African Swine Fever (ASF) has descended to also affect more areas in the south of China, including Yunnan, Hunan and one more in Zhejiang. In addition, Japan has reported the finding of ASF virus in imported meat at an airport. The batch has been destroyed.
This weekend, the Chinese authorities reported about 2 outbreaks on small farms near Zhaotong, Zhenxiong county, in Yunnan province. So far the southernmost outbreak of ASF in China had been near Wenzhou, at about 450 km south of Shanghai.
Worryingly, this province borders major pig producing province Sichuan. On top, the area provides a lot of pork for the populous province of Guangdong, with major cities like Guangzhou and Shenzhen. In addition, the province also borders Vietnam, Laos and Myanmar, sparking the risk for infection of other countries in South East Asia.
The Chinese Ministry of Agriculture and Rural Areas (MARA) reported that on 2 farms, 298 and 247 pigs respectively had died of the viral disease. This happened on farms with 904 and 353 animals. About 7,000 pigs had to be culled in a 3 km radius around the farms.
How did ASF actually enter China? Read the analysis
In addition, the agricultural ministry also reported 2 outbreaks on a farm in the central-southern province of Hunan, close to the cities Yiyang and Changde. There, in total almost 800 pigs had to be culled due to ASF.
Also more ASF in the province directly south of Shanghai: Zhejiang. Quite a long time after the 1st outbreak on August 17, a 2nd outbreak has been reported near Taizhou, on a farm with over 2,200 animals. In total 56 were found to be infected, Reuters reported.
Unlike the north, so far the country’s south had not been impacted by ASF or subsequent transport bans. The result was that in the north, pork prices have dropped because of oversupply and a decreased demand. In the south, however, the bans in the north caused a shortage, leading to already higher pork prices. Additional pig transport bans can lead to even higher pig prices.
Reuters interviewed Pan Chenjun, senior analyst at Rabobank, and he said: “Now there’s only some provinces that haven’t confirmed any cases but it’s very unlikely that they will be clean. Basically, it’s already everywhere.” That message was confirmed by many experts at the recent Leman China Swine Conference, held last weekend in Zhengzhou, China, where Pig Progress was present.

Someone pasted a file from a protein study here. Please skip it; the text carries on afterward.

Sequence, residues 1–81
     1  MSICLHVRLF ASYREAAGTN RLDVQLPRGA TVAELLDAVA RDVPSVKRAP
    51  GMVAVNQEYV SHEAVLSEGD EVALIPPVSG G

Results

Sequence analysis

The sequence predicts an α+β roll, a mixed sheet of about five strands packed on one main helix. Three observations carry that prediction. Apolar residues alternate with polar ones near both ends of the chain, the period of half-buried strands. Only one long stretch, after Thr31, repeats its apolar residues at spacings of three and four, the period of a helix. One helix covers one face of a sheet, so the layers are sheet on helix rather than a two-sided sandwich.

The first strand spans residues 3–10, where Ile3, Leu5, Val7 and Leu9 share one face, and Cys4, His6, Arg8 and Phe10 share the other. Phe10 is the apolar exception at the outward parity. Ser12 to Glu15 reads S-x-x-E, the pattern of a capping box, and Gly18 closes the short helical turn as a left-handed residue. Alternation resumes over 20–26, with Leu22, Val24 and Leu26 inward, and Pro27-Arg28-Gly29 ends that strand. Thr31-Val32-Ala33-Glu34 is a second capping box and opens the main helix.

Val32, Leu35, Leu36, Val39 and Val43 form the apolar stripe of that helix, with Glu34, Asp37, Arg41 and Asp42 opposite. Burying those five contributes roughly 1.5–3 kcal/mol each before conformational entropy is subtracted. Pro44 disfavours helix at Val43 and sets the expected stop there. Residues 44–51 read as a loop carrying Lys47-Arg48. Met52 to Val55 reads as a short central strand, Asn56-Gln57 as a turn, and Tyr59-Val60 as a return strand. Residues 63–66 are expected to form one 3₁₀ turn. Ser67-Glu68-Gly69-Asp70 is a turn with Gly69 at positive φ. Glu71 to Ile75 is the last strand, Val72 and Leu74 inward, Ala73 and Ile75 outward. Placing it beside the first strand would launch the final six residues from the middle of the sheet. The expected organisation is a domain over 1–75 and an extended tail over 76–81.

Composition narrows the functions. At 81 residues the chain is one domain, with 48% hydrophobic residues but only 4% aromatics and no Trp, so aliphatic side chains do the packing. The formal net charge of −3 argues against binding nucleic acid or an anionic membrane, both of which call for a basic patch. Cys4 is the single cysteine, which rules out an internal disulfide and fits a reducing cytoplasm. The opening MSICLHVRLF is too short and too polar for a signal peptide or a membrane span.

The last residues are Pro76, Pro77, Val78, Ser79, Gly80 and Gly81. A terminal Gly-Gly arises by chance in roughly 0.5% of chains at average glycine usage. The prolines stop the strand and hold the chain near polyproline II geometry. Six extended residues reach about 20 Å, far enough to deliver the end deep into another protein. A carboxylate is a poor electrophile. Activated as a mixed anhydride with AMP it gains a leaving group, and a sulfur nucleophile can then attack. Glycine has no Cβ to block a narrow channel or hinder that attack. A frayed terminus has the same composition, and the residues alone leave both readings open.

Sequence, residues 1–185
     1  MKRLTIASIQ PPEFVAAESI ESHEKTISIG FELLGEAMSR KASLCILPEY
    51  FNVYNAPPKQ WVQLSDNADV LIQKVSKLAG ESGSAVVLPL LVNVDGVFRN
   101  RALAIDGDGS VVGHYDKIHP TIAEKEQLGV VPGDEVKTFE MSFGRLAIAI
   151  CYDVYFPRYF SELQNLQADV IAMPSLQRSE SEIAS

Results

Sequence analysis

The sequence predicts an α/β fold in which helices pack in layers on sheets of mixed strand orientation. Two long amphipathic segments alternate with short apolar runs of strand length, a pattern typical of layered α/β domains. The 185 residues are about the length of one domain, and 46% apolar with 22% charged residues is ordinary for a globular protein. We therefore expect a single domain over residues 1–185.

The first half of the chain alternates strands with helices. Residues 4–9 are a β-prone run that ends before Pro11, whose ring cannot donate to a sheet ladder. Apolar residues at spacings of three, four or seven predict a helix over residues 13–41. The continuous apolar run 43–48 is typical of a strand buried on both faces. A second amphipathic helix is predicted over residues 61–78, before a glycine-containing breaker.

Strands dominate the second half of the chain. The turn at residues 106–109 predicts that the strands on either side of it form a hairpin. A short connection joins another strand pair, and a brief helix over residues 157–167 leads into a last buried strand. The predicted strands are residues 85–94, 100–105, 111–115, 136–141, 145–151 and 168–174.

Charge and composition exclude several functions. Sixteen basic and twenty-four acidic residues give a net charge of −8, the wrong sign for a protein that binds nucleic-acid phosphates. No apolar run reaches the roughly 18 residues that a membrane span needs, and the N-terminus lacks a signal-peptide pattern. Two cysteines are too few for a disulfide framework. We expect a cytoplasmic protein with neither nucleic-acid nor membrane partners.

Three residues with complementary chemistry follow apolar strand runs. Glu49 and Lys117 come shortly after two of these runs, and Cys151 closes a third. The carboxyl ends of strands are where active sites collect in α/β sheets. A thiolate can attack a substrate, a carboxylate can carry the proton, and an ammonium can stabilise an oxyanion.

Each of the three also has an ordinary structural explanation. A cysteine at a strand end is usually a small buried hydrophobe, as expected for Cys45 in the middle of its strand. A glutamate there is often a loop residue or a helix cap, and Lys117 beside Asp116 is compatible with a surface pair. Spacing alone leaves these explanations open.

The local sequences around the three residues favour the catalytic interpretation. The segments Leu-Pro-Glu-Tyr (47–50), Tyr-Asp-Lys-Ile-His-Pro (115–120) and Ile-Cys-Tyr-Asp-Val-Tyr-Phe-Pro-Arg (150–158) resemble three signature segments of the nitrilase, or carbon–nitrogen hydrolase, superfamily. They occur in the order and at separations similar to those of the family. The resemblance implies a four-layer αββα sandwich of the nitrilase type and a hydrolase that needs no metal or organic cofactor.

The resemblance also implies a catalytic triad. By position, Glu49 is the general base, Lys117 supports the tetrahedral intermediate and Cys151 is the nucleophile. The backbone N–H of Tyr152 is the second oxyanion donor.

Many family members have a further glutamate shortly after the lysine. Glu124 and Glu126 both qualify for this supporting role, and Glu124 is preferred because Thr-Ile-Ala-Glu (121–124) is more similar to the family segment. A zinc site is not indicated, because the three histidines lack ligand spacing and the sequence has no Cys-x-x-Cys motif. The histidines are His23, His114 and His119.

Despite these worrying signals, the Chinese authorities announced the lifting of restrictions related to areas where the viral disease hasn’t officially been reported for at least 6 weeks. The outcome is that in 9 areas, restrictions have been lifted.
In practice, for Jiangsu province, this means that there is officially no ASF any more in this province – hence the colour on the map below is blue instead of orange. As it is still bordering to other provinces with ASF, pigs can still not be transported across provincial borders.
Reuters also mentioned that the outbreak could have a big impact on pig prices in the next few months, as the country is preparing for the New Year Holiday in February 2019.
A similar message was shared by the Rabobank in its Pork Quarterly Outlook for the 4th quarter of 2018. The bank wrote that “ASF could devastate the Chinese pork industry and add further weight to the structural shift in production. While the official number of animals culled to date is small, relative to the country’s total production, the possibility of a radical change in hog supply over the coming months could impact the international market.”
The bank added that it expects 2018 total imports to exceed those of 2017 and added that it expects ‘another step-up in 2019 of pork imports’, related to a possible supply gap.
Read more about ASF and other diseases in the Pig Progress Health Tool
Meanwhile, Japan found ASF in packed pork sausage being carried into the country by a foreigner coming from Beijing on October 1, according to the country’s agricultural ministry.
Japanese national daily The Mainichi reported that the sausage, in a package of 1.5kg, was collected from a passenger arriving in Hokkaido, northern Japan. Genetic testing at an animal quarantine station detected the disease in samples of the product last Friday.
The sausage came in a vacuum pack and had apparently been heat treated, suggesting there is little chance of it being infectious, an official at the ministry said. The newspaper added no domestic cases of virus infections have been reported either. It was not clear where the sausage was made.